When You Least Expect It

boat accident

Accidents happen. I didn’t expect it that day. It was a perfectly clear morning on the Chesapeake Bay. The water was smooth, like a mirror. We had been fishing earlier that morning. Had a great catch too! The boat reeked of bait and other fishy offal. Our friends were coming down later, around noon, to go boating and water skiing. We had to clean ship.

Somehow, after offloading our fishing gear and taking on brooms, brushes, and detergent buckets, and then traveling out away from shore a couple hundred yards, the gas line came loose from the engine. At once the smell of gasoline was thick and before we knew it the bottom of the boat had about an inch of gas sloshing around.

Just a couple of weeks before my good friend had gotten blown up in his boat. They didn’t know exactly how it happened. He just found himself and 2 crew floating in the water many yards away as the boat burned to the hull and sank. He received 2nd and 3rd degree burns.

With this in mind we managed to reconnect the gas line to the engine and began moving forward with the bilge plug open to flush out the gas. Yeah, I know, not ecologically sound. But at the time it was the best that we could think of. After a 1/4 mile or so the boat drained out and our speed had increased to take care of the last few pools in the bilge. During this time I went as far into the bow of the boat as I could to get away from the noxious fuel-air mixture. If an explosion blew up in the back, I didn’t want my body over the top of it.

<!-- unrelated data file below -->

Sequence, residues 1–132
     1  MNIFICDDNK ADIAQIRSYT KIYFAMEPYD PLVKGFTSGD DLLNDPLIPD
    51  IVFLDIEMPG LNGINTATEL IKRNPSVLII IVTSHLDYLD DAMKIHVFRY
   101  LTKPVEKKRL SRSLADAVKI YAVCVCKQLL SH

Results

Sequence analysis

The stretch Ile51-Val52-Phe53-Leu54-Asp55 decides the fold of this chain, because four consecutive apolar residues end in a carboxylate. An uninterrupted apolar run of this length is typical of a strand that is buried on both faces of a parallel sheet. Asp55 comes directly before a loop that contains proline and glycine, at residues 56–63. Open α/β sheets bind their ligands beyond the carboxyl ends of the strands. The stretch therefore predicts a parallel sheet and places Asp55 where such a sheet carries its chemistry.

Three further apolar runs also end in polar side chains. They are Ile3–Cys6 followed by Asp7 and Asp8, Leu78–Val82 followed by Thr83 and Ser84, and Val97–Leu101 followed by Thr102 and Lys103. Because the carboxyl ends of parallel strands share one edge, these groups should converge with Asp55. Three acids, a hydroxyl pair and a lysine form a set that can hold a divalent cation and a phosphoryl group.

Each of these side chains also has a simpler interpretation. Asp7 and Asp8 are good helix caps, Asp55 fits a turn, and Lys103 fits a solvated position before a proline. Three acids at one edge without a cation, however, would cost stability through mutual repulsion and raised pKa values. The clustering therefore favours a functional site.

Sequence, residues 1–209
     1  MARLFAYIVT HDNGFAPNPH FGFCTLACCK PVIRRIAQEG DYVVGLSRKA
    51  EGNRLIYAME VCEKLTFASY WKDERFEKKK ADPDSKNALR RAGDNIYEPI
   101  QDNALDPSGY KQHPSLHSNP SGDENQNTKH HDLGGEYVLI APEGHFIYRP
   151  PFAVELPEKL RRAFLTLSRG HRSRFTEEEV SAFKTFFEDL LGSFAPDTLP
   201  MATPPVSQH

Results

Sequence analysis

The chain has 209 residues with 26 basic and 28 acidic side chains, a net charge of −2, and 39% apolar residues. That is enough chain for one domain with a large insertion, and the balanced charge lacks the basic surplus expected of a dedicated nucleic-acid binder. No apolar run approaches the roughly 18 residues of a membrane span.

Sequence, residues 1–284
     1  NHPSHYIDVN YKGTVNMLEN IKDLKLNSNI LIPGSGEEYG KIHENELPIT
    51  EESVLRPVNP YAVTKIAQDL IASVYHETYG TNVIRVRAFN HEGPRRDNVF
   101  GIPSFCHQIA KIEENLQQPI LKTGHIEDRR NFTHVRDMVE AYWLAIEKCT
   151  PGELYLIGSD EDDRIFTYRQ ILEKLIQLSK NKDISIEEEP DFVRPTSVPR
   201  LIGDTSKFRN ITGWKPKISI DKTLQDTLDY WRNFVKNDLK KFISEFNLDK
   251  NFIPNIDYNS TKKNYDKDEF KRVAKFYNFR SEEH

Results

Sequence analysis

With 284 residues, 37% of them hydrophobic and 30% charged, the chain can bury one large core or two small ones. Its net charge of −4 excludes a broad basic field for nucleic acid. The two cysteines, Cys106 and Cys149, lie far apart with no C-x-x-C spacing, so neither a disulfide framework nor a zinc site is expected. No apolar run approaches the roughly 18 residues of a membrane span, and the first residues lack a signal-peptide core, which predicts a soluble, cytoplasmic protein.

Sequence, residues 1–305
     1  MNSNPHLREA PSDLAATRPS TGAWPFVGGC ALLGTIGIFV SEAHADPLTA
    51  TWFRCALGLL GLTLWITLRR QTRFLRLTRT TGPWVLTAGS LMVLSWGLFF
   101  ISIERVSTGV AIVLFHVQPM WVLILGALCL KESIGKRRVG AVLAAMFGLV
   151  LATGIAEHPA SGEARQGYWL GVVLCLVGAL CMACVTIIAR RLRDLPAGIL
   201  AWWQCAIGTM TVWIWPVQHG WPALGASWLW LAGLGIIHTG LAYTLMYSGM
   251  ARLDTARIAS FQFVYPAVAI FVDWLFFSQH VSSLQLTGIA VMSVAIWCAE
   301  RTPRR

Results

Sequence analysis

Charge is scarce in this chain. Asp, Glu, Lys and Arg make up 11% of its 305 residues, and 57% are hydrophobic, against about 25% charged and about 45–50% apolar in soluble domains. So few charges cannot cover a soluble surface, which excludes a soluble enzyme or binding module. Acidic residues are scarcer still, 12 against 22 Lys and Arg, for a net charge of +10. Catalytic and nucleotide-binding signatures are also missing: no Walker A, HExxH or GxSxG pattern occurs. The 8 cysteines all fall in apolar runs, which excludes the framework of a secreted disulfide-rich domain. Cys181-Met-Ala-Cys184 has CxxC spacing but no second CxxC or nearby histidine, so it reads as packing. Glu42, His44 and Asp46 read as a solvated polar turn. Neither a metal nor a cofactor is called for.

The smooth whining of the engine suddenly stopped and the boat leaned forward and slowed down, down, down. Fast. “Ahhh!” came out of my mouth in another person’s voice. And off the bow I went, right in front of the oncoming propeller as the boat lurched on again with new vigor. The problem it seems was an air bubble or gap in the fuel stream that once passing restarted the engine anew.

Got out of that one by the skin of my teeth. I woke up under 12 feet of water and couldn’t see. Needed a breath. My sight started to clear and my dangling left arm had long stringy things hanging out of it. I saw some light in one direction and used my feet to paddle that way. It was the surface! I was alive. A quarter inch here or there, or second more, who knows?

The arm took internal and external stitches to fix the muscle and connective tissue damage but fortunately the prop didn’t cut any major nerves. The prop and motor transom also split the back of my head open on impact. That probably knocked me out under water. The doc stitched that up too and it seems like there is no long-term damage, though I might not want you to ask my friends that.

In many ways, every day from that point on are a blessing. That day might have been my last. It taught me: Hold on tight, Be really aware of your surroundings, Go for the gusto, be grateful for every second.

Holding on

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